Get to know what Aplastic Anemia is
Aplastic anemia occurs when your bone marrow doesn’t make enough red and white blood cells, and platelets. Having fewer red blood cells causes hemoglobin to drop. Hemoglobin is the part of blood that carries oxygen through your body. Having fewer white blood cells makes you more likely to get an infection. And having fewer platelets makes the blood too thin. This means your blood can’t clot the way it should. Aplastic anemia symptoms usually develop over weeks and months, so you may not notice changes in your body right away. In some cases, people have immediate severe symptoms. If you do develop symptoms, they may include:
- Frequent viral infections that last longer than usual.
- Bleeding or bruising more easily
- Feeling short of breath (dyspnea)
- Skin color that’s paler than usual
Some aplastic anemia symptoms mimic other, less serious illnesses. Having a cold or flu doesn’t mean you have aplastic anemia. You should talk to a healthcare provider if you’ve been sick for several weeks and you feel very tired all the time. Blood consists of blood cells floating in plasma. Plasma is mostly made of water. It also includes salts, proteins, hormones, minerals, vitamins and other nutrients and chemicals your body needs.
What are the 3 Basic Types of Blood Cells?
- Red blood cells (RBCs) are also called erythrocytes. They make up almost half of blood. Red blood cells are filled with the protein hemoglobin that picks up oxygen in the lungs and brings it to cells all around the body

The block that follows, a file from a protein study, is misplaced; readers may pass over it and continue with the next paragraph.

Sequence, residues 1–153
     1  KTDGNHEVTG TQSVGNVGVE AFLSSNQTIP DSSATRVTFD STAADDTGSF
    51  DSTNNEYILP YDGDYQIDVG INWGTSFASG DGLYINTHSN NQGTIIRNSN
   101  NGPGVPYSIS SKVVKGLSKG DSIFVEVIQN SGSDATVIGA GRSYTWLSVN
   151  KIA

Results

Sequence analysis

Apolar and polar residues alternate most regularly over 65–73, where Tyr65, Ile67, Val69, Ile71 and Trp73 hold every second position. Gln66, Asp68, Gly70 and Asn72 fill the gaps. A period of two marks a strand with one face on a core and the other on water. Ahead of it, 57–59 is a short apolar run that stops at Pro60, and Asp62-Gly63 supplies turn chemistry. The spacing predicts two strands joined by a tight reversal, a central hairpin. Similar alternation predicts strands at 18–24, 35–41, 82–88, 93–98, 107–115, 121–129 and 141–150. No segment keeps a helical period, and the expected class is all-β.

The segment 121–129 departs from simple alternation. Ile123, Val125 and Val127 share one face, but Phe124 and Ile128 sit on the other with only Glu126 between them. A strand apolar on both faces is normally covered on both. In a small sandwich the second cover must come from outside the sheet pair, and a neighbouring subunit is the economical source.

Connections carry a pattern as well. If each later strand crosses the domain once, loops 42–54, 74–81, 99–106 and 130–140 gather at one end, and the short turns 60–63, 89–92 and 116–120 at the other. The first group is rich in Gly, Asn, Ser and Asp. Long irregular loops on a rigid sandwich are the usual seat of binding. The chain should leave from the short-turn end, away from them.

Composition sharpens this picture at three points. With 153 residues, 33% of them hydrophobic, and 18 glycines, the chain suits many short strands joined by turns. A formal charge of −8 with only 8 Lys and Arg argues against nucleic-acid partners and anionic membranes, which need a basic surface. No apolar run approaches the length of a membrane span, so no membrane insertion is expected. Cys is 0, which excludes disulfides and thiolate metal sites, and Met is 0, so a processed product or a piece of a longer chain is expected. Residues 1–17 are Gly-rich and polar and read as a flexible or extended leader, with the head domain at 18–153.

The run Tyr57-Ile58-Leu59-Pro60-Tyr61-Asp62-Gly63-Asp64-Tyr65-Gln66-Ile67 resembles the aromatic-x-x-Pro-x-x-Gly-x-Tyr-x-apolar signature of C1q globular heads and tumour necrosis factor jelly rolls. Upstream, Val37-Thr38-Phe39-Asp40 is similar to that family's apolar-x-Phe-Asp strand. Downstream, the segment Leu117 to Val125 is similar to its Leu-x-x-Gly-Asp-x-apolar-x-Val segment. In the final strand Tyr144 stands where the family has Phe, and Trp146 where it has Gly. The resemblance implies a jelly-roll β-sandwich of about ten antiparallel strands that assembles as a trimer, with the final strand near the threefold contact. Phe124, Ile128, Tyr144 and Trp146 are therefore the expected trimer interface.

- White blood cells (WBCs) are also called leukocytes. They fight disease and infection by attacking and killing germs that get into the body. There are several kinds of white blood cells, each of which fights a different kind of germ
- Platelets are also called thrombocytes. They are small pieces of cells that help blood clot and stop bleeding
Treatment Options for Aplastic Anemia
Treatment depends on the severity of your condition. Some mild forms of aplastic anemia don’t require treatment. Stopping a medication or staying away from possible chemicals may be recommended. Many moderate cases require blood and platelet transfusions. Transfusions are generally necessary for acute cases. Bone marrow transplants can be used to treat severe cases. This procedure replaces your stem cells with those from a donor. The treatment works best in people under 40 years who have sibling donors. To prevent heavy blood loss that cannot be replaced fast enough by the body, ablationTrusted Source is an option for endometriosis.
Severe and acute idiopathic aplastic anemia can be fatal. Proper treatment is key. Younger people have the best survival rates, as they generally respond well to treatment.
Potential treatment complications include:
- adverse drug reactions
- severe bleeding
- bone marrow transplant failure
Aplastic Anemia Prevention
There is no known way to prevent idiopathic aplastic anemia. Unlike other forms of anemia, it can’t be prevented by using iron supplements. Pay attention to your body and talk to your doctor if you develop anemia symptoms. Prompt treatment can help keep you feeling well.